In the early 1870s, formerly enslaved John Coles and Benjamin Brown purchased land from former slaveholder W.G. Carr in exchange for labor, beginning settlement of the district that would come to be called Proffit. In 1876, Ned Brown purchased seventy-five acres in the same area, subdividing them into small lots and laying the foundation for the village. The community grew as other former slaves began to purchase lots and buildings on former plantation lands. The Proffit Station rail depot and post office, named for white landowner James Proffit who sold property to the Virginia Midland Railroad, opened in 1881, bringing white settlers and new commercial establishments to the area. The village expanded and thrived economically between 1880 and 1930.
US Route 29 opened in the early 1930s, replacing the community railroad as the principal route of commerce between Proffit and Charlottesville. As a result, Proffit Station closed by the late 1940s and the post office by the 1960s, transforming the lively village into the residential community visitors find today.
The Proffit district is one of the few surviving African-American communities established in Albemarle County after the Civil War. The congregation of the Evergreen Baptist Church is still active in the community. Organized in 1888 with eleven members, the Church building was erected several years later in 1891 by the Reverend D.L. Gofney, the Church's first pastor. Until recently, the Church held regular worship services and Sunday school and was involved in various area activities. On June 24, 2000, Proffit residents gathered at Evergreen Baptist Church for the unveiling of a Proffit Historic District highway marker.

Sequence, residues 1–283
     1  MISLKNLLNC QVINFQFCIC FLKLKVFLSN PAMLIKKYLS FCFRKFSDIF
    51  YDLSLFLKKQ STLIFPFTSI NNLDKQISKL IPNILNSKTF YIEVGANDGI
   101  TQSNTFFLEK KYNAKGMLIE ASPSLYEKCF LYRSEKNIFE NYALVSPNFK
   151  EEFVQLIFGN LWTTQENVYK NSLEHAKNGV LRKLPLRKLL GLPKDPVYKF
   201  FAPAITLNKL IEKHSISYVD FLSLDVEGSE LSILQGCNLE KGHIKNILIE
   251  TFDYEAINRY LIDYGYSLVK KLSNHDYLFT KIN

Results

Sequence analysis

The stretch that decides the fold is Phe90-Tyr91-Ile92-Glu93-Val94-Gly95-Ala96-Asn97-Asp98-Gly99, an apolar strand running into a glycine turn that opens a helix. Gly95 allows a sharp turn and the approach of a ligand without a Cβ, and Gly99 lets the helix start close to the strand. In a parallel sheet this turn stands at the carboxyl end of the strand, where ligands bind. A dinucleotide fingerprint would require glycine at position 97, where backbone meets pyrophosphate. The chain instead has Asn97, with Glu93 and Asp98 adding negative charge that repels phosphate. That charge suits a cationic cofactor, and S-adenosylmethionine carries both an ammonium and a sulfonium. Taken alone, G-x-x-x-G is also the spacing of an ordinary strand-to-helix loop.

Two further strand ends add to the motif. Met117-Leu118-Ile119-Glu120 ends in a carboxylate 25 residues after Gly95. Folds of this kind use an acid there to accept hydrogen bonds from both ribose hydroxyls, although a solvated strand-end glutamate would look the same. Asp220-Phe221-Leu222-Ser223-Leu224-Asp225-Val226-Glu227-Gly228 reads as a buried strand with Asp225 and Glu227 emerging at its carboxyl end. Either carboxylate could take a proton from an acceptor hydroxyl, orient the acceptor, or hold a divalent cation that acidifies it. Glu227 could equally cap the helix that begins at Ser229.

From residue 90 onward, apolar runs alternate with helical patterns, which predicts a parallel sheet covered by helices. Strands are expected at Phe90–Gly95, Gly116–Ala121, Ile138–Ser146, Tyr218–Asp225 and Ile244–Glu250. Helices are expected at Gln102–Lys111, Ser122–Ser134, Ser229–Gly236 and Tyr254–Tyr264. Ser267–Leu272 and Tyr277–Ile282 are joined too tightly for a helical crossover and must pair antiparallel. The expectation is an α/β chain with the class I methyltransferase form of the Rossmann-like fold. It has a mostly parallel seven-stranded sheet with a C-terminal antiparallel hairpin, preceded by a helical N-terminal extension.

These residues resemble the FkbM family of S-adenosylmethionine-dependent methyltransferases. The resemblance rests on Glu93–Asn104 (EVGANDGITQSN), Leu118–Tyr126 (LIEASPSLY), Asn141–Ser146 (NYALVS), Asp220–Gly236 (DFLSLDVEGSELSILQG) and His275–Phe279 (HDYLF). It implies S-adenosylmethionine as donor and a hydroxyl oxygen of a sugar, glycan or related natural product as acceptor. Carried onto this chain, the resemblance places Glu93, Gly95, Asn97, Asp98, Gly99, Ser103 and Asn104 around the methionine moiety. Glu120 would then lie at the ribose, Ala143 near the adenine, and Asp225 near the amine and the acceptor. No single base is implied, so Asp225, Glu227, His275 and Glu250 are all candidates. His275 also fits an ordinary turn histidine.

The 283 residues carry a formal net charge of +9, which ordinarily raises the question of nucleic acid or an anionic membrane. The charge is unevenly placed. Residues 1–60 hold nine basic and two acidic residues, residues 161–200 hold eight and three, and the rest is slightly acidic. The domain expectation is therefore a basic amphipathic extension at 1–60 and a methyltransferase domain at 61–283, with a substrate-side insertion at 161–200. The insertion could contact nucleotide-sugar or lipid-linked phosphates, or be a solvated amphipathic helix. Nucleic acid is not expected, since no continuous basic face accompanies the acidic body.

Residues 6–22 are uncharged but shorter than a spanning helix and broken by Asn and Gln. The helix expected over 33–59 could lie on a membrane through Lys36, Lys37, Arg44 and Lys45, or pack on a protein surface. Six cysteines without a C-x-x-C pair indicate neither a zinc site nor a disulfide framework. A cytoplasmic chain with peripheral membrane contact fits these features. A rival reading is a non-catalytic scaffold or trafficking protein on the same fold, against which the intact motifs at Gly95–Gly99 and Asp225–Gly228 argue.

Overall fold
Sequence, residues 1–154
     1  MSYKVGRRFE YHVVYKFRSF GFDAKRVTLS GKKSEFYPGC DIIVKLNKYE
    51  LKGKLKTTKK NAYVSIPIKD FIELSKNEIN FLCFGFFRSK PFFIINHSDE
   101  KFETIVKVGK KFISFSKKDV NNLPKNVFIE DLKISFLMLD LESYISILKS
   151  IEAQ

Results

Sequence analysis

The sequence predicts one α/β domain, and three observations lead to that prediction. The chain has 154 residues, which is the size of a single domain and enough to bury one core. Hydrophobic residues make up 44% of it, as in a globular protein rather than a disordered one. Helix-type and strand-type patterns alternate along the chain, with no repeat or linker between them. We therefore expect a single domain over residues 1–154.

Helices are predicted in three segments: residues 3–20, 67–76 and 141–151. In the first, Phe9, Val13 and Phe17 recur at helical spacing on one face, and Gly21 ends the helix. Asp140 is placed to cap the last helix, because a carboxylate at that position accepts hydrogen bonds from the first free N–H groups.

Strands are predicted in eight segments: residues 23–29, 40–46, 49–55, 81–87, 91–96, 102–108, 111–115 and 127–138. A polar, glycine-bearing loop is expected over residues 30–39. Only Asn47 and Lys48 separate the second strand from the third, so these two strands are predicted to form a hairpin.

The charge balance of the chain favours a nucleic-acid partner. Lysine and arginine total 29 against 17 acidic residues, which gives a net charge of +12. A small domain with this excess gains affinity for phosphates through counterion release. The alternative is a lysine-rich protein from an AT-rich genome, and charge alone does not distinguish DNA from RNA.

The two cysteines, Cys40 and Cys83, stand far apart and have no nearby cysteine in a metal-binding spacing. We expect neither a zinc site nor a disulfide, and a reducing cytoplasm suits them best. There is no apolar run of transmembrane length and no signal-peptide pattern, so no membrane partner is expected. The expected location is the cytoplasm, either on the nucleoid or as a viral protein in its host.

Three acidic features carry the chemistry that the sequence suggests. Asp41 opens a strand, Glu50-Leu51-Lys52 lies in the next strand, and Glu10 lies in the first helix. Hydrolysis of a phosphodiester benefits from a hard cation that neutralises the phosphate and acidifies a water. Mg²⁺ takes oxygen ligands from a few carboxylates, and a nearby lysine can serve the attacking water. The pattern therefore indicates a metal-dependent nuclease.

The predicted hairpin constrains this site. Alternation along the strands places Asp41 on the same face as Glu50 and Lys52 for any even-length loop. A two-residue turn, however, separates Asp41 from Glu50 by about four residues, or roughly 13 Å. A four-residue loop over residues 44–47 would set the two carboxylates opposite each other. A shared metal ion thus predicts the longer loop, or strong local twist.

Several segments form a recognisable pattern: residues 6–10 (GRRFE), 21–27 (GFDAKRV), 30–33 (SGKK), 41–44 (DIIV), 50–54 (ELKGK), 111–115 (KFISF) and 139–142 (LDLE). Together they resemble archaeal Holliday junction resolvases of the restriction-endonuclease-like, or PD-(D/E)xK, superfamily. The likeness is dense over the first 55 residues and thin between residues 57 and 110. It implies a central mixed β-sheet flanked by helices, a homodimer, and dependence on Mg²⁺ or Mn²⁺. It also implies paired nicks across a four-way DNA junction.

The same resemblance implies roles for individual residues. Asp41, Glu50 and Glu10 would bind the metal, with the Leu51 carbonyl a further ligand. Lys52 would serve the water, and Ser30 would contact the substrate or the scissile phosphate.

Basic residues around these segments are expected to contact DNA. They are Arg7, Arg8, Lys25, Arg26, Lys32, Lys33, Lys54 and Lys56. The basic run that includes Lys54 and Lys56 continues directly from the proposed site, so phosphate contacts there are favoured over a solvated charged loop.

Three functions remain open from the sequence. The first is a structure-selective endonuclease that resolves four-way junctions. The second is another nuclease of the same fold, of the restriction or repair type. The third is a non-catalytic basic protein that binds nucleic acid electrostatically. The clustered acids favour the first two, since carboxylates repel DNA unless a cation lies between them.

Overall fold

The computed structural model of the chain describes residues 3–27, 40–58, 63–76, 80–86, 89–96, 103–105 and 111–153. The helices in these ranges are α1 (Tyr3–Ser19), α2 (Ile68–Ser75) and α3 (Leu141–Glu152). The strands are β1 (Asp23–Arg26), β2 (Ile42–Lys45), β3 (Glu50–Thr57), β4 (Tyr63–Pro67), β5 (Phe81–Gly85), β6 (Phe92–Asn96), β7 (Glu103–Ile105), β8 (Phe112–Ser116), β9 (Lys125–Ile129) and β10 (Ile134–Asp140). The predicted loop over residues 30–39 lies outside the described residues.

The Proffit village center is located 2.5 miles east of US Route 29 on VA 649, a scenic secondary road leading away from the Charlottesville-Albemarle Airport. In addition to Evergreen Baptist Church, located at 2309 Proffit Road, other historical structures include the Proffit Station Master's House, built in the 1890s; the stone building that contained the first Proffit Post Office, circa 1900; the one-lane, wood-decked Proffit Road bridge, rebuilt to resemble the nineteenth-century original; and several abandoned houses, built in the 1880s by African-American families whose descendents still own land and live in Proffit today.
Geographical and Contact Information
Proffit Road (County Route 649) near Mossing Ford Lane (County Route 741), on the right when traveling south